Natural Philosophy

Natural philosophy or the philosophy of nature (from Latin philosophia naturalis) was the study of nature and the physical universe that was dominant before the development of modern science. It is considered to be the precursor of natural sciences such as physics.

Forms of science historically developed out of philosophy or, more specifically, natural philosophy. At older universities, long-established Chairs of Natural Philosophy are nowadays occupied mainly by physics professors. Modern notions of science and scientists date only to the 19th century. The naturalist-theologian William Whewell was the one who coined the term "scientist". The Oxford English Dictionary dates the origin of the word to 1834. Before then, the word "science" simply meant knowledge and the label of scientist did not exist. Some examples of the term's usage are Isaac Newton's 1687 scientific treatise is known as The Mathematical Principles of Natural Philosophy and Lord Kelvin and Peter Guthrie Tait's 1867 treatise called Treatise on Natural Philosophy which helped define much of modern physics.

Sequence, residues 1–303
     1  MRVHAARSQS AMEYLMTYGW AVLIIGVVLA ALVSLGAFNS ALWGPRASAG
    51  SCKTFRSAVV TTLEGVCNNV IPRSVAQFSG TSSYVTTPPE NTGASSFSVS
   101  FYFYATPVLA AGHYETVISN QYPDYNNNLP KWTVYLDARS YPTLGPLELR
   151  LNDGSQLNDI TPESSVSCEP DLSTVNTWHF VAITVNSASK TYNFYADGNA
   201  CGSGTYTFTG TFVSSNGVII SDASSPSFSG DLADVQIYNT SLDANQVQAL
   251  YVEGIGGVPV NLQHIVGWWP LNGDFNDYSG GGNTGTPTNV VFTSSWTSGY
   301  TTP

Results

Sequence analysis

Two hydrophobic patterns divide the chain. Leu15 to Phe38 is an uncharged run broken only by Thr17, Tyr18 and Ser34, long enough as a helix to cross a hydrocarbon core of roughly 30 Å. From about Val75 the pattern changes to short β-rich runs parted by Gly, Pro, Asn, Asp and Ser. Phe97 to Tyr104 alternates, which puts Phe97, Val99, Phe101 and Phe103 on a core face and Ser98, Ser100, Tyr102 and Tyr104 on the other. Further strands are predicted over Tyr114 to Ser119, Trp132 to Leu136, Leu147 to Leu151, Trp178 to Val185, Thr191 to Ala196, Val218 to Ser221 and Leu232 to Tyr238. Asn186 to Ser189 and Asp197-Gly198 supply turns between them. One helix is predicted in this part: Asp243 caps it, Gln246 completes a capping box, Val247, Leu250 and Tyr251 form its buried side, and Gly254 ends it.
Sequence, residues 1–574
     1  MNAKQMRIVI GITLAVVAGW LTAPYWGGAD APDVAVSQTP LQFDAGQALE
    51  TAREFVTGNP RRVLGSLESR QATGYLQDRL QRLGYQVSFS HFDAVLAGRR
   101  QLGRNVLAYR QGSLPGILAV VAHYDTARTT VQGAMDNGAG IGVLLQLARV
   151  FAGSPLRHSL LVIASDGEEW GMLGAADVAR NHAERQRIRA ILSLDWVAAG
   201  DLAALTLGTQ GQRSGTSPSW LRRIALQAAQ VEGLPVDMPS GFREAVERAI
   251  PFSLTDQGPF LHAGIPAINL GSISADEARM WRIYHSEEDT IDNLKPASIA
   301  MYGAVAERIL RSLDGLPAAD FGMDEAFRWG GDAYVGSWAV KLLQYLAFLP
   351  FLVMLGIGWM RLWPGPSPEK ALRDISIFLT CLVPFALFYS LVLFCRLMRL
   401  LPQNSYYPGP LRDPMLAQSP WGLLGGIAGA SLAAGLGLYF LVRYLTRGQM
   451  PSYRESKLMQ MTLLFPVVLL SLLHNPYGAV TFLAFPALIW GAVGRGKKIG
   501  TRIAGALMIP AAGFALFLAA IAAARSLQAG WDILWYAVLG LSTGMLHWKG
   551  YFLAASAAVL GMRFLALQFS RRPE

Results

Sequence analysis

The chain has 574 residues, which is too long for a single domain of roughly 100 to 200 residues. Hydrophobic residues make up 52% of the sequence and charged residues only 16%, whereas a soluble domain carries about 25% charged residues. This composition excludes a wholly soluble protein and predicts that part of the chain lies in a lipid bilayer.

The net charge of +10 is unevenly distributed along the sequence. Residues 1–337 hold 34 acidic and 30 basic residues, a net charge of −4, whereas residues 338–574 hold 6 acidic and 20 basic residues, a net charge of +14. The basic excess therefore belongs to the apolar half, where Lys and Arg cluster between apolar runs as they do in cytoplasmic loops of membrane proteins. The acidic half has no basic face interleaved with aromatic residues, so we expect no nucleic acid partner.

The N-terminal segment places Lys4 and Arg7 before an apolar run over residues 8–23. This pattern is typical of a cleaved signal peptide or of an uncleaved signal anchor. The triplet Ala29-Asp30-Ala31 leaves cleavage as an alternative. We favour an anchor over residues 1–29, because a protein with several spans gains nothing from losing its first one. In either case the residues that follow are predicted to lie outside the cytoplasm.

Read more about Natural Philosophy:  Origin and Evolution of The Term, Scope of Natural Philosophy, Branches and Subject Matter of Natural Philosophy, History of Natural Philosophy, Current Work in Natural Philosophy

Famous quotes containing the words natural and/or philosophy:

    It has no share in the leadership of thought: it does not even reflect its current. It does not create beauty: it apes fashion. It does not produce personal skill: our actors and actresses, with the exception of a few persons with natural gifts and graces, mostly miscultivated or half-cultivated, are simply the middle-class section of the residuum.
    George Bernard Shaw (1856–1950)

    If you look at history you’ll find that no state has been so plagued by its rulers as when power has fallen into the hands of some dabbler in philosophy or literary addict.
    Desiderius Erasmus (c. 1466–1536)